The Atomic bomb was an extremely destructive uranium-type nuclear weapon which was used during the end of World War II. Atomic Bombs were invented by the Manhattan Project between 1942 and 1945, during World War II. They exploited the fact that Uranium is unstable in more than tiny quantities and will naturally begin a cascade of ever-accelerating reactions in which the atoms fall apart explosively. Neutrons released trigger other atoms of uranium to collapse and soon the whole thing explodes. The United States used these weapons to end the war, and the bombs became both a deterrent to attack in the 20th and 21st centuries, and a threat used by the two major superpowers during the Cold War (the USA and USSR).
The A-Bomb and the One Ring Edit
- "I cordially dislike allegory."
- —Tolkien's famous quote
Many people thought that the One Ring was the symbol standing for the Atomic bomb. This is incorrect; Tolkien began writing The Lord of the Rings in 1937, long before the start of the Manhattan Project. Some say that though it isn't the symbol of the Atomic Bomb, it could symbolise something like it. Besides that, Tolkien loathed allegory in all its forms, so it is highly unlikely that he made this reference. Many have found in Tolkien's masterpiece a story that condemns power, destructive acts, autocracy, and intolerance. Although others think that the opposite could be lurking just underneath.
Tolkien's famous quote about how he disliked allegory has had profound and rippling effects throughout the decades on Tolkien scholarship and the way his books have been read. However, it could be argued that in seeking to insist that he did not write an "allegory", he in fact reduced the "applicability" of his work. His statement "I think many confuse applicability with allegory may have been built on a basis of false mutual-exclusivity. There is, indeed, a certain pattern of one-to-one substitutions that is of interest when reading, Lord of the Rings, although it is one that requires coming at the story from a slightly different angle than usual.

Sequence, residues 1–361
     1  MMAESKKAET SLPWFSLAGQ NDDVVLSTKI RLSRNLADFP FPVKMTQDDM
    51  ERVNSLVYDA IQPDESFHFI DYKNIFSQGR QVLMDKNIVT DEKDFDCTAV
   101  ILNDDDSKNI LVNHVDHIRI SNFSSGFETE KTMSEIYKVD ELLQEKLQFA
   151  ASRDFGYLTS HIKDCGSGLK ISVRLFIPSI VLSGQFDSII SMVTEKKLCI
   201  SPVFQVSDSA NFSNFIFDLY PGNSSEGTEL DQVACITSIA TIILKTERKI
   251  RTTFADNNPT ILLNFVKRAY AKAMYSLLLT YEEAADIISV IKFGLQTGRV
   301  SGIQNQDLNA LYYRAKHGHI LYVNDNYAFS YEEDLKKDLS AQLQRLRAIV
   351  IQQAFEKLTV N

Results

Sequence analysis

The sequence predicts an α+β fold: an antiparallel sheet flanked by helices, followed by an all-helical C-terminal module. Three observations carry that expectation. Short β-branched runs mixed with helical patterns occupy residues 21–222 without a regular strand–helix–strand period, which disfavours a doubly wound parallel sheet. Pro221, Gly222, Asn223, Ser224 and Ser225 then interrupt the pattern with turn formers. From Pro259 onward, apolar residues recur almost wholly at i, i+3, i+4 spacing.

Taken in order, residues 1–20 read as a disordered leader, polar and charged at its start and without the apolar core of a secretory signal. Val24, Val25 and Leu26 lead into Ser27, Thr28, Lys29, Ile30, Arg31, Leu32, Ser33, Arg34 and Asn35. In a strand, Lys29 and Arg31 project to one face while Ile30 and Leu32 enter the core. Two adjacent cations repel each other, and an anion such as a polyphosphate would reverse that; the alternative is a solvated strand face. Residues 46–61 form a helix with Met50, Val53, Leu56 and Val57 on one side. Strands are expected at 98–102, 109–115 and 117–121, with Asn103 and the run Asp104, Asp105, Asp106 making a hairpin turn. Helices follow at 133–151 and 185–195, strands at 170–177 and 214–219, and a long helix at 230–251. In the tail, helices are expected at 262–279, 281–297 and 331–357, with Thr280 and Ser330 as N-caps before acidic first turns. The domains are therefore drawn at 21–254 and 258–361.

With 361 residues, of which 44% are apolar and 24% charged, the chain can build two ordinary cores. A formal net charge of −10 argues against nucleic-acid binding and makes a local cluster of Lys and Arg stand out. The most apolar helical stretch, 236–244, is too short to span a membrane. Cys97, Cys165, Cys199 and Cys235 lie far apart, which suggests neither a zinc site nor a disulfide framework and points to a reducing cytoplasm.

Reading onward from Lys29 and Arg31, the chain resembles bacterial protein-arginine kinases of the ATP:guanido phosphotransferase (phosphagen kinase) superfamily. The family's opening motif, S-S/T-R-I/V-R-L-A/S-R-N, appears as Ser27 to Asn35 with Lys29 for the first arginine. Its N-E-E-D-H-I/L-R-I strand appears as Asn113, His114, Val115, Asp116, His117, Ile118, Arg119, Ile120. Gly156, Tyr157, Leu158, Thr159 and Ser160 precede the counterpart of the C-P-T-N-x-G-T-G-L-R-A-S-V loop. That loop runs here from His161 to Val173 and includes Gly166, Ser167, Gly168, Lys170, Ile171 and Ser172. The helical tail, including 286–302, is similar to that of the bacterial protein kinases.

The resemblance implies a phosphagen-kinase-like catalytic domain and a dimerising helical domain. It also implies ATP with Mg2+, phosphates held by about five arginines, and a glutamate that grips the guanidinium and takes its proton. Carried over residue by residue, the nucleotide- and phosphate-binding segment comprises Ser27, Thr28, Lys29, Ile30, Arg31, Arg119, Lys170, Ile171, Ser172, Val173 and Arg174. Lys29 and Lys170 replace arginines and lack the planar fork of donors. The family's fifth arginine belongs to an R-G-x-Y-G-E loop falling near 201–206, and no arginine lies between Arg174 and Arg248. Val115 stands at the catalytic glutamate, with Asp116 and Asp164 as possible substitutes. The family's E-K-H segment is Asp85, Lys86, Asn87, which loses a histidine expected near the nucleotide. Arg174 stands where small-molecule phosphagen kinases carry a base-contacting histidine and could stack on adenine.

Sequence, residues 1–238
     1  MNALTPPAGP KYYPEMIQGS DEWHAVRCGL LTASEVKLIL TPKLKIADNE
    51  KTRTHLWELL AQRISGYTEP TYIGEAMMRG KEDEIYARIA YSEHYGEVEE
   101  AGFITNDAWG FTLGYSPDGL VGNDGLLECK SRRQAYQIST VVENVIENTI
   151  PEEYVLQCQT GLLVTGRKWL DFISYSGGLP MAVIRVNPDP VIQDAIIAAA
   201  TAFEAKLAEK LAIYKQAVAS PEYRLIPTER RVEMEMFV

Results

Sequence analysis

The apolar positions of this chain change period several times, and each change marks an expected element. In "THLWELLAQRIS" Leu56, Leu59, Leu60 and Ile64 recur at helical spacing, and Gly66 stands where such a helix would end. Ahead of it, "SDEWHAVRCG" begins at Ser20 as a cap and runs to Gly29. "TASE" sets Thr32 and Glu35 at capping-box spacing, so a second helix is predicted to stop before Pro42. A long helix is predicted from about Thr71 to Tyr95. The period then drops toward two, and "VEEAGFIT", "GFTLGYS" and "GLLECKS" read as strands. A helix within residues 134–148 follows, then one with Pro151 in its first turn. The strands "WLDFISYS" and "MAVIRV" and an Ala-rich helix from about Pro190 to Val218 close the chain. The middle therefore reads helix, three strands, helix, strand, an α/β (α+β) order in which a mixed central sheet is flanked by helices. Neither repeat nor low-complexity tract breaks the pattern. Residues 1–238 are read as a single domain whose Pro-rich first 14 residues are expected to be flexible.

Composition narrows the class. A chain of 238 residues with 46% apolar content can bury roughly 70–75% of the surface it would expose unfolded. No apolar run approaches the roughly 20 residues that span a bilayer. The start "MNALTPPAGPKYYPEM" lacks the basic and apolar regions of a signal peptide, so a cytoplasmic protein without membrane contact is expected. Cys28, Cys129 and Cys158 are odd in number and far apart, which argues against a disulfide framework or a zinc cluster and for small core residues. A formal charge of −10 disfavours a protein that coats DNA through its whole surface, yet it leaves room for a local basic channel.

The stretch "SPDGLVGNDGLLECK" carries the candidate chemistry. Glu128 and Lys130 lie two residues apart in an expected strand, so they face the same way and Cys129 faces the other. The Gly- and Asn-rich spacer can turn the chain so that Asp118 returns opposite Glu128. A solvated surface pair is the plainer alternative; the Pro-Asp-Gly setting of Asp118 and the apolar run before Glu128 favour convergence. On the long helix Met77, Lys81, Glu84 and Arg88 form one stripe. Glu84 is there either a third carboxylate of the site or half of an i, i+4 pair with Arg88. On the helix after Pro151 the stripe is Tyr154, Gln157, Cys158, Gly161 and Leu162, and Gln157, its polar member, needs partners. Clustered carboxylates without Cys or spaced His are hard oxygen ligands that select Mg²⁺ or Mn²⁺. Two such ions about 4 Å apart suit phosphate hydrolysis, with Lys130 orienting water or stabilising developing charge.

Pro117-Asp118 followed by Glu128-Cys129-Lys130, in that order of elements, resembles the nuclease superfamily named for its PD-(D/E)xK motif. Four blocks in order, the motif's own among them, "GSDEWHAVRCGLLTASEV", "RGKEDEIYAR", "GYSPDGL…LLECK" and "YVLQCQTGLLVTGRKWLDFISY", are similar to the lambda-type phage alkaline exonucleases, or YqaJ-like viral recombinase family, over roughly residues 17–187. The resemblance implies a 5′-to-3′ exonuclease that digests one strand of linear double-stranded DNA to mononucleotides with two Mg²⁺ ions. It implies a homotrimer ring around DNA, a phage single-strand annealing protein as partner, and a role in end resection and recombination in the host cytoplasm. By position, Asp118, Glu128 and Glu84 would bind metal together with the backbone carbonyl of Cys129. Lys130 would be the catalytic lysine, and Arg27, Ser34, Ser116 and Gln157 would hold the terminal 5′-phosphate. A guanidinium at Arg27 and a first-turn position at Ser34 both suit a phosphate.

Other interpretations for the Ring have came up too: Tom Shippey has compared it to a narcotic drug, and the ring-bearers behavior to an addiction; Adam Roberts has likened it to a wedding ring, playing on Tolkien's use of the world "bound"; Robert Eaglestone has related it to technologically enabled invisibility, trough, in Tolkien's day, bureaucracy, and, more recently, trough the internet and CCTV.
That being said, Tolkien intensely disliked the weaponry of modern war, often referring to it as 'Orc-work'. His comment on the airplanes, which his son Christopher piloted during World War II: "My sentiments are more or less those that Frodo would have had if he discovered some Hobbits learning to ride Nazgûl-birds 'for the liberation of the Shire'." (Carpenter, Humphrey, ed., JRR Tolkien, author, Letters of J.R.R. Tolkien (USA: Houghton Mifflin, 2000 AD), Letter 100, p. 115.) He condemned the atomic bomb in a letter to his son Christopher Tolkien, on 9 August 1945: "The news today about 'Atomic Bombs' is so horrifying one is stunned. The utter folly of these lunatic physicists to consent to do such work for war-purposes: calmly plotting the destruction of the world!" (Carpenter, Humphrey, ed., J.R.R. Tolkien, author, Letters of J.R.R. Tolkien (USA: Houghton Mifflin, 2000 AD), Letter 102, p. 116.)